Eventually, Ikuhara, the director of Sailor Moon S who chose to focus on Haruka and Michiru’s relationship and a huge fan of pushing every envelope in reach, felt too stifled by the constraints of working on Sailor Moon. So, he left and threw every idea that experience had given him about feminism, toxic masculinity, idealized romantic partners, and more – the entire experience of being a queer teen – into Utena, arguably one of the most thought-provoking anime ever made. It’s certainly one of the weirdest and most surreal; while ostensibly the story of a girl who wants to grow up to be a “prince” and save others, Ikuhara tells the story in immensely stylized ways, with new absurdities happening nearly every frame. It’s weird. It’s dark. It’s a story about how fairy tales let us down and the importance of real person-to-person connection…in which a shirtless high school boy boxes a kangaroo in the middle of campus.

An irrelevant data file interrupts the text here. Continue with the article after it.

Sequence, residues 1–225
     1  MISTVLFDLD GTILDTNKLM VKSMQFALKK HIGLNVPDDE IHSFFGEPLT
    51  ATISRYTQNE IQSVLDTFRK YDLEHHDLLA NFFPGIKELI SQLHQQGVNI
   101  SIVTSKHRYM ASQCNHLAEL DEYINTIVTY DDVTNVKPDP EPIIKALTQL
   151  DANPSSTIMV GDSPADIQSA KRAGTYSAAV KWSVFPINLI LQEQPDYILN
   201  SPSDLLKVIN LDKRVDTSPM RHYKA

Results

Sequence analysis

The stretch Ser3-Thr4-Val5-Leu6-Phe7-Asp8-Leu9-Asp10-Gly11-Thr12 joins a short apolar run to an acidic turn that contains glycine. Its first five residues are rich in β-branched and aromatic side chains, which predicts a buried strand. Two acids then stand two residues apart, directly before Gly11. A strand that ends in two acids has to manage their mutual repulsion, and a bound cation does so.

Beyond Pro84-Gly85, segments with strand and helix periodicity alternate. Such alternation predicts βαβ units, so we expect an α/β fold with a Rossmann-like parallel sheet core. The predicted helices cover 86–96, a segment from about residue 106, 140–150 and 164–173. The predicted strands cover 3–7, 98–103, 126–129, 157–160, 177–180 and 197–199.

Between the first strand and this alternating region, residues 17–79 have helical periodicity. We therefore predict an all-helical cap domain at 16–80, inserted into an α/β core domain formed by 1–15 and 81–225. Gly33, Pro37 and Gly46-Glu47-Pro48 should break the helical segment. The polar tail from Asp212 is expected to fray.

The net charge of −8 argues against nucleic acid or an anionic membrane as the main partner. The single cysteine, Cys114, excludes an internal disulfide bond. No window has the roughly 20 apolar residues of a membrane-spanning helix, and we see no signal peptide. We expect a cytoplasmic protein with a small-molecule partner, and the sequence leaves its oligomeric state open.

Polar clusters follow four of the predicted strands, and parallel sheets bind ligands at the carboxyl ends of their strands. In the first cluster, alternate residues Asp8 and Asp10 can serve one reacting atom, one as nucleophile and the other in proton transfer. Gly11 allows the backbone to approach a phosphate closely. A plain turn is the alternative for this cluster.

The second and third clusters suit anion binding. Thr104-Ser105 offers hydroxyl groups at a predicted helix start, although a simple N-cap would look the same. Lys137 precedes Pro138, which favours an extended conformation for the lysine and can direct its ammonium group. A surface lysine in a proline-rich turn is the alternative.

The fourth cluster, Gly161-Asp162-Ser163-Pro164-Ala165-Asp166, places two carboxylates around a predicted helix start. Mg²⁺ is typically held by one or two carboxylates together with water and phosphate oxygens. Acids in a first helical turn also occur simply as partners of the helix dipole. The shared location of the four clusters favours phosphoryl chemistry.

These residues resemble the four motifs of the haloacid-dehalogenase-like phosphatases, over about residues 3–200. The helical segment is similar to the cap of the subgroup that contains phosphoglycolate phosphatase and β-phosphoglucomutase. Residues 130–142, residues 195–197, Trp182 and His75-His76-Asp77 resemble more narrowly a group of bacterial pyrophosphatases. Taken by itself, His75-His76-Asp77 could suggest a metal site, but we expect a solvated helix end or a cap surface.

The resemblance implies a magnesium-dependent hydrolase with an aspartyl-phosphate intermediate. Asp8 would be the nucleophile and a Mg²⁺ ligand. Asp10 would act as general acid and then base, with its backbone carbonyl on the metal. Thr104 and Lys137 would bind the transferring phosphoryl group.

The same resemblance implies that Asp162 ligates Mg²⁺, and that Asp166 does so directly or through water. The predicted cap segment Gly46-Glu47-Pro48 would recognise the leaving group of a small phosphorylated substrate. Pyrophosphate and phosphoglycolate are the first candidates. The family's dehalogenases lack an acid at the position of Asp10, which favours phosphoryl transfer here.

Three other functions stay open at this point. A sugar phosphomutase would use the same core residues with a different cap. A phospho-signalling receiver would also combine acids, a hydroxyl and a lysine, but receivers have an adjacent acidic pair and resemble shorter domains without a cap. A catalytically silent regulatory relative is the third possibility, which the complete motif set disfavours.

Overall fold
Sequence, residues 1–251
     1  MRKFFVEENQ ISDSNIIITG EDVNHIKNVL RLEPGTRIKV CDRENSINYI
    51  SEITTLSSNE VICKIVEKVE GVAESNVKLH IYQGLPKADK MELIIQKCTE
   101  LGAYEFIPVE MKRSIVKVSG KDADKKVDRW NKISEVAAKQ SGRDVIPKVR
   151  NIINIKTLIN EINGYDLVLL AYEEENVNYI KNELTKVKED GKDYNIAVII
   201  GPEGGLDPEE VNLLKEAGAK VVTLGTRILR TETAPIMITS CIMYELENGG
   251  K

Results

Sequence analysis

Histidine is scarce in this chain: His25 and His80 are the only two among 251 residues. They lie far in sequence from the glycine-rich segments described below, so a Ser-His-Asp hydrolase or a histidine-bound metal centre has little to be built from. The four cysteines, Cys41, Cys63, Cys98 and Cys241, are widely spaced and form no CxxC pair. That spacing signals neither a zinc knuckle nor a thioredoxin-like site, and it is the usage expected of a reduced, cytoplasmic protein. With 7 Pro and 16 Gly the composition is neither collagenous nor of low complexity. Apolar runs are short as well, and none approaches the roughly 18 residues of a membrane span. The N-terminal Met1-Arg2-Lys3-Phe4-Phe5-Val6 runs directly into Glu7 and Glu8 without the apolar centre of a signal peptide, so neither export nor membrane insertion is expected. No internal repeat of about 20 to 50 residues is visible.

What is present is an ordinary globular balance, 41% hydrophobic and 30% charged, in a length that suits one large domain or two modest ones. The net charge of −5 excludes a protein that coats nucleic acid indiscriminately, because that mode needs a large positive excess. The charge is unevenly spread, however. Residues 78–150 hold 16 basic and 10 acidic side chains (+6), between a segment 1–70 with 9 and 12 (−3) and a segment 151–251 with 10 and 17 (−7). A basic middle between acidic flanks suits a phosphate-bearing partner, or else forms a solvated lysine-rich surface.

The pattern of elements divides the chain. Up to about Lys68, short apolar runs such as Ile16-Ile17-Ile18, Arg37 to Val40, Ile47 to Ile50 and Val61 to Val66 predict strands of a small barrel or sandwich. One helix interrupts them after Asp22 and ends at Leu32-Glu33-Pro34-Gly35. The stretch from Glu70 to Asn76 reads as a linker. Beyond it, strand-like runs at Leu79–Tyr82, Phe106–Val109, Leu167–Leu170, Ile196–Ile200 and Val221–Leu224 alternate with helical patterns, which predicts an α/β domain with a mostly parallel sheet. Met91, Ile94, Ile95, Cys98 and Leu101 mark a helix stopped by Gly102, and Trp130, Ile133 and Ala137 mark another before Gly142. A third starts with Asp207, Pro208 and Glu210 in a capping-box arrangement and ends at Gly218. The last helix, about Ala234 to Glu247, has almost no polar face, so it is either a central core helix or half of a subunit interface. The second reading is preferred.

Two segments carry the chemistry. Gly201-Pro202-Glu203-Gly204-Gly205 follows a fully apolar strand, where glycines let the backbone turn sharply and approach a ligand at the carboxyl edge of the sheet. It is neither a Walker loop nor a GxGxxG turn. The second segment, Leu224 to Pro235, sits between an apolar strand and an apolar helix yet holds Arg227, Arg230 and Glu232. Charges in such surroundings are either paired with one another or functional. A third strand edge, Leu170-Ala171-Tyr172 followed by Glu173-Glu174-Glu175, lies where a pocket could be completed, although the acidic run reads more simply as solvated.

Anyone who’s ever had a crush on someone they shouldn’t will identify with Sumika, an athletic girl (her family runs a martial arts dojo) who’s hopelessly in love with her best friend Ushio. Ushio is also attracted to women, but…only adorable petite ones. Which is very NOT Sumika. The story begins as more of a wacky comedy but sobers up as their high school years continue, swapping trite hijinks for examinations of feelings and the difficulties that come with being something other than what society considers “normal”, whether that’s due to sexuality, body image, or anything else. Sumika doesn’t like herself very much….which is a shame, because Sumika is awesome. The reader roots for her to figure that out.